The race to space has captured the competitive spirits and wallets of Jeff Bezos, Richard Branson and Elon Musk. While they look to the heavens, one of their peers is focused on a different horizon. Mark Zuckerberg’s vision of the future web may be as boundless as space travel. Web 3.0 or the “metaverse” is described by Zuckerberg as “accessible across all of our different computing platforms; VR and AR, but also PC, and also mobile devices and game consoles.” Marketing in the metaverse will require brands to use augmented reality (AR), virtual reality (VR), and extended reality (XR).
Why Brands Are Paying Attention
While Elon Musk is considering putting a billboard in space, many brands are already seeing out-of-this-world results on earth. In Adweek’s The Business of Marketing podcast (Sept. 2021), Snap Inc.’s Chief Business Officer Jeremi Gorman said, “American Eagle did a virtual holiday pop-up store in 2020, and the snapchat community could engage with each of their SKUs in AR, that generated $2 million in incremental sales just from that virtual experience.” That certainly will get the boardroom’s attention.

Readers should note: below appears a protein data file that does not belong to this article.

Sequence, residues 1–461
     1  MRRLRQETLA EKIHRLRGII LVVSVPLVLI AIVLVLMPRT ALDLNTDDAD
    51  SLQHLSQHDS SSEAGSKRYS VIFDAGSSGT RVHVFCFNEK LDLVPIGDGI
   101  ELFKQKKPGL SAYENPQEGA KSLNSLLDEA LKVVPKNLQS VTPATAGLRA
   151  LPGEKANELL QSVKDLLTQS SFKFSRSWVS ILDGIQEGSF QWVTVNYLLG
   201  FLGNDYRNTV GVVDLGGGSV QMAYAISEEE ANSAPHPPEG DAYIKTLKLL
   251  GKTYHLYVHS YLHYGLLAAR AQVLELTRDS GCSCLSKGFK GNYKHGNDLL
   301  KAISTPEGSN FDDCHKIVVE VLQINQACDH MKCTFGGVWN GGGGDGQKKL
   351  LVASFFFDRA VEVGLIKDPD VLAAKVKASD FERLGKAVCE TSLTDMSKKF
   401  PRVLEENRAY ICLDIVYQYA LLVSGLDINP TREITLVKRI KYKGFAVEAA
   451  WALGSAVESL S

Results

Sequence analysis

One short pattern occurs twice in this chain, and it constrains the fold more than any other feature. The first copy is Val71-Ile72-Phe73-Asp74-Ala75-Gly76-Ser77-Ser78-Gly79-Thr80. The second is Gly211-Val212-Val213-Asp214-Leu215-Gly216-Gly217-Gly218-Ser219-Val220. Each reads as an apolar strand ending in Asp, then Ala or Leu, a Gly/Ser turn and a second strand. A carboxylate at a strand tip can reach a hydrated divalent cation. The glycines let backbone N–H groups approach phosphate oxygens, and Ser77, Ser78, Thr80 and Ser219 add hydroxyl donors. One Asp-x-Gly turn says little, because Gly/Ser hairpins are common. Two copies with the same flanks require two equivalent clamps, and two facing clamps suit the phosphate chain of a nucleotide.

In Digiday (June 2021), Roblox’s VP of Brand Partnerships Christina Wootton said, “the events of the past 18 months (Covid-19) have opened an opportunity for marketers to see that the metaverse is something they need to lean into more.” Roblox reported 30.6 billion hours spent on its experiences in 2020 such as a Lil Nas X virtual flash mob and the Gucci Garden Experience. The average time spent was 2.5 hours per day, which was slightly less than Netflix at 3.2 hours per day.
According to the Forbes Technology Council, global spending on AR and VR headsets, software and services rose in 2020 to $12 billion. This is up 50% from 2019. The trend is expected to continue as Data Bridge Market Research predicts the AR & VR market for the retail industry will reach $2 trillion by 2027. This would be a growth rate of 68.5% in seven years.
What’s next for Marketing in the Metaverse?
While the always-on metaverse will take years to develop, Facebook announced a $50 million investment to help build it responsibly. Much like the internet, the infracture, taxonomy and governance will require collaboration from multiple partners to achieve interoperability across various plaforms. This will enable a consumer’s avatar to wear Gucci aviators acquired in Roblox to the next Marshmello concert in Fortnite. That’s a different kind of space travel. While visionaries such as Matthew Ball think this may take 10 years to integrate, brands are marketing in the metaverse today on existing platforms such as Amazon and Home Depot and with AR and VR devices such as Oculus, HoloLens and Snap Spectacles. These new experiences are bringing their customers even closer to them.